EN
Green Peafowl Pavo muticus



Taxonomy

Taxonomic source(s)
del Hoyo, J., Collar, N.J., Christie, D.A., Elliott, A. and Fishpool, L.D.C. 2014. HBW and BirdLife International Illustrated Checklist of the Birds of the World. Volume 1: Non-passerines. Lynx Edicions BirdLife International, Barcelona, Spain and Cambridge, UK.

IUCN Red list criteria met and history
Red List criteria met
Critically Endangered Endangered Vulnerable
- A2cd+3cd+4cd A2cd+3cd+4cd

Red List history
Year Category Criteria
2018 Endangered A2cd+3cd+4cd
2016 Endangered A2c+3c+4cd
2013 Endangered A2cd+3cd+4cd
2012 Endangered A2cd+3cd+4cd
2009 Endangered A2c,d; A3c,d; A4c,d
2008 Vulnerable
2004 Vulnerable
2000 Vulnerable
1996 Vulnerable
1994 Vulnerable
1988 Threatened
Species attributes

Migratory status not a migrant Forest dependency Medium
Land mass type Land-mass type - continent
Land-mass type - shelf island
Average mass -
Extent of occurrence (EOO)

Estimate Data quality
Extent of Occurrence breeding/resident (km2) 4,590,000 medium
Number of locations 11-100 -
Fragmentation -
Population and trend
Estimate Data quality Derivation Year of estimate
No. of mature individuals 10000-19999 poor suspected 2009
Population trend Decreasing poor suspected -
Decline (3 years/1 generation past) - - -
Decline (5 years/1 generation past) - - -
Decline (10 years/1 generation past) - - -
Decline (10 years/3 generation future) 50-79 - - -
Decline (10 years/3 generation past and future) 50-79 - - -
Number of subpopulations 2-100 - - -
Largest subpopulations 1-89 - - -
Generation length (yrs) 6.1 - - -

Population justification: Although rare compared with historic numbers, improved survey methodology and increased effort has led to an increase in the reporting rate and thus the population estimate has been revised upwards to 10,000-19,999 mature individuals, to reflect this improved knowledge. This equates to 15,000-29,999 individuals in total, rounded here to 15,000-30,000 individuals. Nevertheless this remains a coarse estimate and warrants refinement.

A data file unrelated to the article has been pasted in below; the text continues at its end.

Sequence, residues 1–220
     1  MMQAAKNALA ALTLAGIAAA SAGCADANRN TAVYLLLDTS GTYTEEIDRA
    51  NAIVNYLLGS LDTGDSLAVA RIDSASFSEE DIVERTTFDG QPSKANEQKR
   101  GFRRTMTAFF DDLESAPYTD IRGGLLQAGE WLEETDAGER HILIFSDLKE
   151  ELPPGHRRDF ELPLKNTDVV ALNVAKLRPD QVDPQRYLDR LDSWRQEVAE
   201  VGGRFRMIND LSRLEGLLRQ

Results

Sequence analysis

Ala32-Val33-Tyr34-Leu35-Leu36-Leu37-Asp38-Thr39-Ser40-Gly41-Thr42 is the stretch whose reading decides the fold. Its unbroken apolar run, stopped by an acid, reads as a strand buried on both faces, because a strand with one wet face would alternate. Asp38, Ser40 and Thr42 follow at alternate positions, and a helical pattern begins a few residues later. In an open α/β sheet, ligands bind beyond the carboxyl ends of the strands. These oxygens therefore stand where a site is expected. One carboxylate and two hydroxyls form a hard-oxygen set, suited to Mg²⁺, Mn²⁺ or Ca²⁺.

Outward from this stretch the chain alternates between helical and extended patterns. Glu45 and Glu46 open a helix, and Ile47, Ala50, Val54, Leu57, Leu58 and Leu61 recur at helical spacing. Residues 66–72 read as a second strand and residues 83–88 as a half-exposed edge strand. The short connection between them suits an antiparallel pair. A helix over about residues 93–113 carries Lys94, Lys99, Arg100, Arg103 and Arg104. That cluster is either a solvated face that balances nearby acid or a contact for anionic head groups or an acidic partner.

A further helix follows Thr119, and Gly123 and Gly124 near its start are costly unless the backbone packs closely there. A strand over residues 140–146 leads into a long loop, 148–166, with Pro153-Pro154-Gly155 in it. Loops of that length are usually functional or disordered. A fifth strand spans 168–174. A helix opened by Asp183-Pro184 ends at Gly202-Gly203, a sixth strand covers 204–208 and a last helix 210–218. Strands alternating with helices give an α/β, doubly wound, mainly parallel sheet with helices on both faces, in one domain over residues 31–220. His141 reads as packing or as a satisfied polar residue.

Trend justification: Habitat modification and utilisation continue to be intense in South-East Asia; they have almost certainly precipitated declines in this species's population of more than 50% over the past three generations and these are projected to continue. However, the rate of decline appears to vary considerably across the species's range. In Myanmar, the population is stable (Tordoff et al. 2007, R. Cavalieri and T. Savini in litt 2018), but is confined to small populations, scattered over a mosaic of degraded habitats (T. Savini in litt. 2018, Shwe et al. unpublished data). In China, the species has already disappeared from 60% of its former habitat, while the remaining population is in decline (Kong et al. 2018, T. Savini in litt. 2018). The overall population trend in Vietnam is unclear. A significant decline in Yok Don National Park was observed over the 15 years between 1998-2013, however the recorded density in Cat Tien National Park increased over that period, suggesting that the trend there was possibly stable or increasing (Sukumal et al. 2015, 2017, S. Dowell in litt. 2018). The population in Thailand  appears to be stable or even locally increasing (S. Dowell, J.W. Duckworth in litt. 2018, T. Savini in litt. 2018). Though there are no recent data from Laos, the species is known from only few localities, where it has undergone drastic declines (Evans and Timmins 1996, Vongkhamheng 2015, T. Savini in litt. 2018). In Cambodia, recent surveys found the species more widespread than previously believed (T. Gray in litt. 2018), but subject to high levels of hunting and habitat loss, even in protected areas (Nuttall et al. 2016, Loveridge et al. 2017, T. Savini in litt. 2018). In Indonesia, the current trend is uncertain. Declines were noted as early as the first quarter of the 20th century, but current data suggest that the population might be stable (T. Savini in litt. 2018).


Country/territory distribution
Country/Territory Occurrence status Presence Resident Breeding Non-breeding Passage
Bangladesh N Extinct Yes
Cambodia N Extant Yes
China (mainland) N Extant Yes
India N Extinct Yes
Indonesia N Extant Yes
Laos N Extant Yes
Malaysia N Extinct Yes
Myanmar N Extant Yes
Thailand N Extant Yes
Vietnam N Extant Yes

Important Bird and Biodiversity Areas (IBA)
Country/Territory IBA Name
Thailand Huai Kha Khaeng
Vietnam Chu Prong
Vietnam A Yun Pa
Vietnam Bach Ma
Vietnam Ea So
Vietnam Yok Don
Vietnam Dak Dam
Vietnam Ya Lop
Vietnam Nam Cat Tien
China (mainland) Gaoligong Shan Nature Reserve (southern section)
China (mainland) Tongbiguan
China (mainland) Wuliangshan
China (mainland) Ailaoshan
China (mainland) Yongde Daxueshan
China (mainland) Nangunhe
China (mainland) Xishuangbanna
Indonesia Gunung Cikurai
Indonesia Leuweung Sancang
Indonesia Cikepuh
Indonesia Gunung Gede - Pangrango
Indonesia Ujung Kulon
Indonesia Teluk Lenggasana-Pulau Sempu